Australia's biggest honey producers have halted overseas exports and failed to fill some of their supermarket orders as extreme weather wreaked havoc with bee numbers.
A combination of drought and bushfire last summer wiped out an estimated 30 per cent of Australia's bees. Coupled with a severe decline in the volume of flower blossoms, production from the country's biggest honey processors has more than halved.
Capilano Honey managing director Ben McKee confirmed that prices had risen as a result, but said the rises would do little to combat the shortage.
''Honey prices have increased but there is no great result … because honey is physically not being produced. It doesn't exist. You can't buy what doesn't exist,'' Dr McKee said.
Capilano has reduced its domestic product range, withdrawing its larger packs of honey from supermarket shelves. For international customers, the company has imported honey from Argentina, Canada, China and Europe to meet demand, which accounts for a quarter of its business.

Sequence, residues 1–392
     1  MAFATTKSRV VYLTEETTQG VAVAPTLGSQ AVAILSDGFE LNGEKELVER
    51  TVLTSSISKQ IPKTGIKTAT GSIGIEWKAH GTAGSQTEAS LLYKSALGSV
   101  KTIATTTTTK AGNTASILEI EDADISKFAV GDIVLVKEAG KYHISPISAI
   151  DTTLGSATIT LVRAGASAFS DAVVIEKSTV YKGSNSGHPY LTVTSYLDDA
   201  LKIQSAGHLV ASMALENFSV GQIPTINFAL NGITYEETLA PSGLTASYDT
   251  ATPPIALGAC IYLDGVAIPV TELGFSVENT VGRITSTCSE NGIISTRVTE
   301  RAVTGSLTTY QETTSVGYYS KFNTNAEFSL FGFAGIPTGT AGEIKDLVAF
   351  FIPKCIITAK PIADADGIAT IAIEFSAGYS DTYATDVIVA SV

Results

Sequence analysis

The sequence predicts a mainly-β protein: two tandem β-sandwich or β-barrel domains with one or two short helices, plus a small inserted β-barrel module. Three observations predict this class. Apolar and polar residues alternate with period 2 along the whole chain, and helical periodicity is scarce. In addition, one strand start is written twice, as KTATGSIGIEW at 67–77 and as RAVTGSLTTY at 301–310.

Beechworth Honey is also forecasting a significant plunge in production.
Consumers are not the only ones hit. The bee decline is being felt across agriculture. Insects pollinate about 76 per cent of the world's crops, and the honey bee is the most prolific pollinator.
Australia's biggest listed nut producer, Select Harvests, uses two beehives for each acre of almonds it produces.
Managing director Paul Thompson said the company had managed to secure hives this season, but paid more for them.
Bee broker Trevor Monson, of Monson's Honey and Pollination, Mildura, would not say exactly how much the price of hives had risen. He said beekeepers had to buy bees from Queensland to meet demand, but if conditions do not improve over winter the ''alarm bells would start ringing''.
The bee decline comes at the same time as a parliamentary inquiry into the future of beekeeping and pollination.
Source: Fairfax Media